Written by New York Times bestselling author Julie Kagawa, the Iron Fey series follows a seemingly normal girl from a normal high school in America to the frozen plains of Tir Na Nog. With shoutouts to Shakespeare’s characters from “A Midsummer Night’s Dream,” Kagawa creates a wondrous world of magic, fairy, and glamor sparked by both grief and spirit.

5.‘HIVE’ by Mark Walden

If you loved ‘Alex Rider’ growing up, this book is for you. Mark Walden crafts a seamless plot over this ten-book series that culminates in what can only be described as an epic and highly memorable finale. With jaw-dropping action and incredible characters, the HIVE series takes place around the world, from Glasshouse, a brutal assassin training school for orphans hidden in the depths of Russia, to a camouflaged facility. in the Amazon rainforest. Tragic storylines intertwined with witty one-liners make this series addictive.

4. ‘Eragon’ by Christophe Paolini

If “Game of Thrones” and “The Hobbit” had a love child, “Eragon” would be. Featuring dragon riders, elves and a bloodthirsty king at the helm of an empire, “The Inheritance Cycle” series weaves a thought-provoking tale of love and loss. One thing though – the same way people will warn you not to watch Game of Thrones season 8, whatever you do, don’t watch the movie.

3. “Daughter of Smoke and Bones” by Laini Taylor

Think of the Bible but if the tables are turned, where the seraphim are the bad guys and the monsters, or the “chimeras” are the good guys, or in this case, a loving family for the protagonist, a blue-haired girl named Karou. “Daughter of Smoke and Bone” is also on the frenemy-to-lovers bandwagon, but Laini Taylor balances it with the dark plot twists caught along Karou’s journey to learn the truth about herself and her family.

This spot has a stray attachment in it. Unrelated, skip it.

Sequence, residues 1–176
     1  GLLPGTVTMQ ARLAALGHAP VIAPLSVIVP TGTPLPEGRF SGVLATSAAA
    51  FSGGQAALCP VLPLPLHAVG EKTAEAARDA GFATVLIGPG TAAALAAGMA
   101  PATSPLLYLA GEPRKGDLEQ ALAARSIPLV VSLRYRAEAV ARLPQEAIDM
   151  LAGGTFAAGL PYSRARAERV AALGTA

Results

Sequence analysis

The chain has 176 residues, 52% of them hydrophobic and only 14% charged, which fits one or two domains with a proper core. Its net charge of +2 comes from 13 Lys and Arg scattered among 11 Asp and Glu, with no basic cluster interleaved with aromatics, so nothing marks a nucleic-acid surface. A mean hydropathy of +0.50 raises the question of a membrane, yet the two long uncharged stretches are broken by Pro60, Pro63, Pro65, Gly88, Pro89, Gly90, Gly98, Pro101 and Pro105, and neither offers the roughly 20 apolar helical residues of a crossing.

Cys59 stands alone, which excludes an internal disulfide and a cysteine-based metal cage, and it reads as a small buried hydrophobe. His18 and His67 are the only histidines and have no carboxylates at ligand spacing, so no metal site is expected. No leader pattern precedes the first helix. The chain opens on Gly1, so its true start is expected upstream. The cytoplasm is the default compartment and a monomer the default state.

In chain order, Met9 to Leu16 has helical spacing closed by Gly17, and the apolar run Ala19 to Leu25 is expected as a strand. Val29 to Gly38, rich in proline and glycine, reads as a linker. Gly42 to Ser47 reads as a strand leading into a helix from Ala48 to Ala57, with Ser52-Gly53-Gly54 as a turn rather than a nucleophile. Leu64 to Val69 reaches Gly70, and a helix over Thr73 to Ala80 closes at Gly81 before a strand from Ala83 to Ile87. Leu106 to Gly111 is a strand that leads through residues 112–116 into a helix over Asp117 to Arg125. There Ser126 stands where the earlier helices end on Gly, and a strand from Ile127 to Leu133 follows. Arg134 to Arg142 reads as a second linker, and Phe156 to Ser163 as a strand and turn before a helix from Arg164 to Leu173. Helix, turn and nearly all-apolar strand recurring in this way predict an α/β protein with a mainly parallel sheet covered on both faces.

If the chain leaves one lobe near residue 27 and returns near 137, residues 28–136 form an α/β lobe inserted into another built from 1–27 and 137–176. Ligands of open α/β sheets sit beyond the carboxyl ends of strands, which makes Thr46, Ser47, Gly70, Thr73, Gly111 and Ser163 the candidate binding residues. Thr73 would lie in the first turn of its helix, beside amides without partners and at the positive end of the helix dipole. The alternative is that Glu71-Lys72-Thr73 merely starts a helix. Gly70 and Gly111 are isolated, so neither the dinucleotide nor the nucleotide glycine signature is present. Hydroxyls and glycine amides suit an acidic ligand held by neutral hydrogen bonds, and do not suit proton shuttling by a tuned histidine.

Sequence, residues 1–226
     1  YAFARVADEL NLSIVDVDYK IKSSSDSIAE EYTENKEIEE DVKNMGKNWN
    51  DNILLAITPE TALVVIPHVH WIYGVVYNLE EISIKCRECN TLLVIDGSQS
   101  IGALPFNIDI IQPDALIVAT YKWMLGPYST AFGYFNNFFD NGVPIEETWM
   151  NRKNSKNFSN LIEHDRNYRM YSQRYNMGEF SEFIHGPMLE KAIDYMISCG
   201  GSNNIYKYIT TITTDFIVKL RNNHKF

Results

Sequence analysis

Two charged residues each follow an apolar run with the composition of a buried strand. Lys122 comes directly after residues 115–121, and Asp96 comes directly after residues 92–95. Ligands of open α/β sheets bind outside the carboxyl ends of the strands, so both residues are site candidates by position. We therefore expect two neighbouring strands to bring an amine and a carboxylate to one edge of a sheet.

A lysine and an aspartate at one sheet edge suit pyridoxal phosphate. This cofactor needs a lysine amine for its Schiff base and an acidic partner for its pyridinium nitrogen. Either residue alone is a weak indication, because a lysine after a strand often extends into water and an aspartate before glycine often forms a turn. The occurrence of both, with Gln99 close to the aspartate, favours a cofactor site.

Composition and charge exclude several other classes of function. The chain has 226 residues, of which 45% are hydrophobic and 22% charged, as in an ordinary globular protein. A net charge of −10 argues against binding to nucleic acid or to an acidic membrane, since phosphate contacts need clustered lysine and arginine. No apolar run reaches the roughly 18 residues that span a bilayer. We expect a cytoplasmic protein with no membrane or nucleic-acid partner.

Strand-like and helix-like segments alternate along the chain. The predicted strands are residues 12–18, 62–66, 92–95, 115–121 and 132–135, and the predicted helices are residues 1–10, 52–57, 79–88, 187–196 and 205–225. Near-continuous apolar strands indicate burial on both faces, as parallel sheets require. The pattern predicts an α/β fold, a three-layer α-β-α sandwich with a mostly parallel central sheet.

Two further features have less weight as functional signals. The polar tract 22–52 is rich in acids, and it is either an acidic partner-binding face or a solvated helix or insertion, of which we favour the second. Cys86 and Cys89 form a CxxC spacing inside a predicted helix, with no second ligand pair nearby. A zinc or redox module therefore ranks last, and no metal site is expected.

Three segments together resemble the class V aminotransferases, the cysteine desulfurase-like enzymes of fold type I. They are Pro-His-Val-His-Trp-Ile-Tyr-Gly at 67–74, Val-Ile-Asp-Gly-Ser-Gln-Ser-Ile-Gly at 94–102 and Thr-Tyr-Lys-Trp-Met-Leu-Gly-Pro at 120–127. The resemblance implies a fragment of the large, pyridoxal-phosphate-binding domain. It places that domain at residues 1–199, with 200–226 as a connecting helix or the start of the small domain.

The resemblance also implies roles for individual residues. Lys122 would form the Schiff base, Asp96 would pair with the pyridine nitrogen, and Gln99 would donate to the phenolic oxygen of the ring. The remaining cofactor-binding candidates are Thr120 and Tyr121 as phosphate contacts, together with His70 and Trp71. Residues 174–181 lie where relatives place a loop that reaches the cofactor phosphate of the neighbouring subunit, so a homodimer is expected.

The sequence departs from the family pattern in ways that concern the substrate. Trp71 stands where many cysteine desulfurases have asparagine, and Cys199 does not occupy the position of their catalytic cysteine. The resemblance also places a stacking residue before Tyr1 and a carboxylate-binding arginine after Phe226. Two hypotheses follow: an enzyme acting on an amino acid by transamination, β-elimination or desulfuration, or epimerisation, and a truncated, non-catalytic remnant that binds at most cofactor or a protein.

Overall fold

2. “A Court of Thorns and Roses” by Sarah J Maas

In this dark retelling of the Beauty and the Beast fairy tale (or as it was originally in Greek mythology, “Eros and Psyche”) Sarah J Maas takes a very different approach to Marissa’s adaptation of Cinderella. Mayer. “A Court of Thorns and Roses,” or “ACOTAR” for short, features Feyre, a peasant woman from a small rural village whose unfortunate but engineered encounter with a shape-shifting wolf leads her to being taken from her family by the accursed High Lord of Spring. With Feyre’s eventual love interest written from the female gaze, Sarah J Maas has artfully created a world ruled by fear that the protagonists aren’t afraid to tear down.

1. “Throne of Glass” by Sarah J Maas

Shoot Me, a second series from Sarah J Maas, but with Maas’ writing style and deep female leads, “ACOTAR” and “Throne of Glass” were always going to dominate the fantasy world. Written when Maas was just 16, this harrowing novel centers on a morally gray young woman named Celeana Sardothien, the kingdom’s most feared assassin and now a slave in the salt mines of Endovier. She has a simple choice. Fight in a contest to become the king’s personal assassin or return to slavery. Over the course of the eight-book collection, Maas expands the world of Celeana from a tyrant king and castle walls to one of hardened fae warriors, brutal witch clans, and Celtic-based mythological figures.